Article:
Dramatic improvements in injury prevention, prehospital and hospital care have led to decreased mortality rates from traumatic injury. Despite decreased mortality rates, trauma contributes significantly as well as increasingly to the world’s burden of disease. As a result, there is growing interest in the non-fatal injury burden, such as post-injury disability, functionality, and health-related quality of life. Traumatic injury carries the potential to result in longstanding adverse effects on patient’s health-related quality of life, functionality, return to daily activities, and return to work. Injuries that seem innocuous in comparison to life-threatening injuries, such as injuries to the hand, wrist, foot, and ankle, may be important determinants of long-term quality of life and disability.
Capturing these long-term outcomes regarding the patients’ perspectives, outcomes that truly matter to patients, can be achieved by the use of patient-reported outcome measures (PROMs). To date, knowledge on patient-reported outcomes after traumatic injury is sparse.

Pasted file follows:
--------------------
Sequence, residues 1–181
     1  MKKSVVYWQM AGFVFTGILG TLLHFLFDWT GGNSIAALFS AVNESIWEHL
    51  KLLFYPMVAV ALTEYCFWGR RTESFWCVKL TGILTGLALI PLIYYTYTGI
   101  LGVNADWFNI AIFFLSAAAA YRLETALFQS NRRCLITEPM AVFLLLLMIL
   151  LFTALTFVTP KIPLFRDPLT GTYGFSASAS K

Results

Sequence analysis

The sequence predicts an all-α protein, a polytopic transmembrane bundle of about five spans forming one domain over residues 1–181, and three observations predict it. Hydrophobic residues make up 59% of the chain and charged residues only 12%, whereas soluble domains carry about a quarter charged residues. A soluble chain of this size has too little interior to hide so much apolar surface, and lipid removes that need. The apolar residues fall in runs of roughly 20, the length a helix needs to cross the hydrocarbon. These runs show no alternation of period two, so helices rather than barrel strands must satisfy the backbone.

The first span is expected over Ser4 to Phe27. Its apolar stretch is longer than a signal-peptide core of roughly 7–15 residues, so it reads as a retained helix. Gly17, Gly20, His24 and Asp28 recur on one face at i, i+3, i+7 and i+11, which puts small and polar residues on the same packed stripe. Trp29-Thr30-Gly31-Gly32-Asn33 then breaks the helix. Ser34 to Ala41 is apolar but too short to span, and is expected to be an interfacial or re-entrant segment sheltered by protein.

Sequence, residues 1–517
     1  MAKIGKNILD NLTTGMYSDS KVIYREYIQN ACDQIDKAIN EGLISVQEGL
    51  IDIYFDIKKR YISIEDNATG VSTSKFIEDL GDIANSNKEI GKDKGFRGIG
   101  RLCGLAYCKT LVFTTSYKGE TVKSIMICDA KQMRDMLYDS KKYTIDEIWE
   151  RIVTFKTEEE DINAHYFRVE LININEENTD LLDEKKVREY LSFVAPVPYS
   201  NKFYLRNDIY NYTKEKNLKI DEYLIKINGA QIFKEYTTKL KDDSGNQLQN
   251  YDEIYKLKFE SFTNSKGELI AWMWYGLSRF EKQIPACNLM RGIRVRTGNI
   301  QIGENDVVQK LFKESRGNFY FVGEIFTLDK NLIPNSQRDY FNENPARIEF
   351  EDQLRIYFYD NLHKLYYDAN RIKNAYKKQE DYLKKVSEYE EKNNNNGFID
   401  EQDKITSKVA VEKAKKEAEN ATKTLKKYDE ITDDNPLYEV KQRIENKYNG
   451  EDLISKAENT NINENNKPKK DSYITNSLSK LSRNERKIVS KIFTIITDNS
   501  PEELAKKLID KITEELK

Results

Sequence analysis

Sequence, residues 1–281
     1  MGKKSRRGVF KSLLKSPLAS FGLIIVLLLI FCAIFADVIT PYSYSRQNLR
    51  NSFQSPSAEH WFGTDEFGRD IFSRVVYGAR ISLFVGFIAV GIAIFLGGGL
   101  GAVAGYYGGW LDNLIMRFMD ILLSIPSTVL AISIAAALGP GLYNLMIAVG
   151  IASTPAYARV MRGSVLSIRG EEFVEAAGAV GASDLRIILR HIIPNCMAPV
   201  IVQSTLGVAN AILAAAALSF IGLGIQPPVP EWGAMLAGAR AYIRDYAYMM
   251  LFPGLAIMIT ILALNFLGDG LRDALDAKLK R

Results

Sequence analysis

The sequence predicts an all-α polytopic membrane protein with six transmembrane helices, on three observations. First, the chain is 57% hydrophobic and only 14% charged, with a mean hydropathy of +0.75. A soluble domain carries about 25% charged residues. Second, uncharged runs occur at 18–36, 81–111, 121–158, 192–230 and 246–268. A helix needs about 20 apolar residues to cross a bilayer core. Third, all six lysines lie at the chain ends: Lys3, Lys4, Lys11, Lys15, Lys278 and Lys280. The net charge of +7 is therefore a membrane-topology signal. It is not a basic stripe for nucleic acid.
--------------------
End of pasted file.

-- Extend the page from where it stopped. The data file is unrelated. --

In this thesis, outcomes after a variety of traumatic injuries as well as characteristics associated with these outcomes are presented. It is shown that without taking into account injury mechanism, concomitant injuries, and general functioning, and by focusing on the available PROMs alone, outcome evaluation in trauma patients is inadequate. When the shift towards the use of PROMs as outcome measures and value-based healthcare is going to be continued, efforts towards a better understanding of outcome evaluation in the typically heterogeneous and challenging trauma population should be made. Results of this thesis may be used for guidance.